Martyr or Mercenary?

I again find myself with a few ‘fallow’ days between completing the first draft of my Heroes of the Space Marines short and receiving rewrites, as well as waiting for the manuscript of Malekith to arrive in the post for checking, sprinkled with some preparation work for a secret project known only as Ssh!… Contemplating more personal projects I am faced with the simple fact that I need to get more work.

On the one hand I can labour away my precious time on a magnificent opus, which I am certain will astound the publishing world with its vision, breadth, plot and characterisation. On the other, I can set my ambitions to a more realistic level and consider a more commercial line of endeavour.

Quality isn’t the issue. I don’t purposefully set out to write something that is sub-par. Questions of style and approach, on the other hand, are fair game. There is a very strong desire from the sci-fi and fantasy publishing fraternity for certain types of work. Preferably these have a strong single-viewpoint character and have the capacity to be part of an ongoing series. There’s nothing inherently wrong with this approach, as some fine fiction attests.

So the question comes to that of risk versus reward. Confidence plays an important part in any creative’s make-up, and so one must have the courage of one’s convictions. If I write something that I feel is remarkable – literally worthy of remark – it may be deemed unsuitable for publication and never see the light of day. On the other hand, if it is published then it always offers the chance of standing out from the crowd and garnering much higher success (and financial reward) than a more middle-of-the-road title. Yet it is very tempting to go with the more secure option (as secure as any publishing venture can be) in the efforts of increasing the chances of having at least some success.

It’s also a question of resources. Creating something mould-breaking, inspiring and all-round seven flavours of awesome takes a lot more time than writing within well-understood boundaries and conventions. I consider myself pretty well-versed in the art of the staple fantasy or sci-fi approach and so can concentrate on the plot and characters without worrying too much about the form.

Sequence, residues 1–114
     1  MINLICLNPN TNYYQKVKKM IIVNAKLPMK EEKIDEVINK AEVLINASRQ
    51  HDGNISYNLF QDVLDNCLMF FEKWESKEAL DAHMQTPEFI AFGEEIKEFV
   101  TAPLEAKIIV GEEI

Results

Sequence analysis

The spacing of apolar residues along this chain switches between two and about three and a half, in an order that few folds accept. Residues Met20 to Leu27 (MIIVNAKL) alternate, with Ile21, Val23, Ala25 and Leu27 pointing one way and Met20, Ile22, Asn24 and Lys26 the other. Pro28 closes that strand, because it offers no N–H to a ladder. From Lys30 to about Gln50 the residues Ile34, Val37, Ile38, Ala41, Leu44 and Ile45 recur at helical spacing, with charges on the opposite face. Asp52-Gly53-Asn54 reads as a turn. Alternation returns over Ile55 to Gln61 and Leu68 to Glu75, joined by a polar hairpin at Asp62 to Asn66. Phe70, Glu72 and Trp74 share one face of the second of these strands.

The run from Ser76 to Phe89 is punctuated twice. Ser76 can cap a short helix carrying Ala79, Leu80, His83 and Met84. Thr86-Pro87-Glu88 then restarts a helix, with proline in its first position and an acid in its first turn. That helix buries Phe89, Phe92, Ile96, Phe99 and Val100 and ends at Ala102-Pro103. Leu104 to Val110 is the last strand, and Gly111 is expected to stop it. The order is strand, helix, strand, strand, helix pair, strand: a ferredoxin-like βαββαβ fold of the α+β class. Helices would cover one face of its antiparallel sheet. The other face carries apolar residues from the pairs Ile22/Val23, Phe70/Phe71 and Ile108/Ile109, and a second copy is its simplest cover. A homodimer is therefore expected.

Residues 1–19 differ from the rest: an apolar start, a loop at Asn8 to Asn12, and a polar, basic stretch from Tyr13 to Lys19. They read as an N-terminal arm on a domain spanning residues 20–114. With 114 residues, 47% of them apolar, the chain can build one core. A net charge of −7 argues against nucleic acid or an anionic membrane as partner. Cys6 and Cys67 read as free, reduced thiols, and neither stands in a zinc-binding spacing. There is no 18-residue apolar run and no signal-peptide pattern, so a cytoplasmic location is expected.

So we come back to the confidence issue and the necessities of domestic economics. Am I confident that if I do reach for the higher reward I will get there? Or does the pile of bills that arrive every month demand a more pragmatic approach?

Hopefully I can find a ‘third way’ so often sought after in politics. Perhaps I should settle my efforts on an achievable goal that adheres to the tried-and-tested demands of agents and publishers, and yet push that form as far as possible. Getting the best of both might indeed be the greatest victory of all.

Thanks: To those who attended the Angels of Darkness signing in Manchester. Good to meet you, Narry! Sorry I missed you, Rob.

Very Very Recent News: The Malekith mss has just this minute dropped through the door. Very exciting! Two weeks’ turnaround to get it back to the folks at Black Library…

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One CommentLeave a comment

  1. I’ll try to offer some advice.

    The trick is figuring out what will sell. Just browsing a bookstore will tell you what’s popular right now, like paranormal romance. Now, if you were really desperate to get into the industry and have your work published instinct would tell you to publish a paranormal romance novel, ala Anita Blake. However, the folks over at the Dragon Page (A speculative fiction podcast) seem to recommend that you steer away from what’s currently popular, since it’s popularity could crumble at any moment. You need to figure out what will be popular, or write something that will be popular.

    Now, if you write something that’s good but perhaps too deviant for big, mainstream publishers, there’s always small press. If you can’t get published by all the big names, the story doesn’t have to collect dust. Small press publishers tend to be more open to new styles and ideas, where-as big publishers stick to what’s they know will sell at least ‘x’ copies.

    I’d encourage you work on your own story between commissioned projects. I spoke to Dan Abnett this past weekend at Games Day Baltimore and he was thrilled when I mentioned what was apparently his only published non-commission work, a short story. It’s unfortunate that in his long career he can only truly call one story his own.


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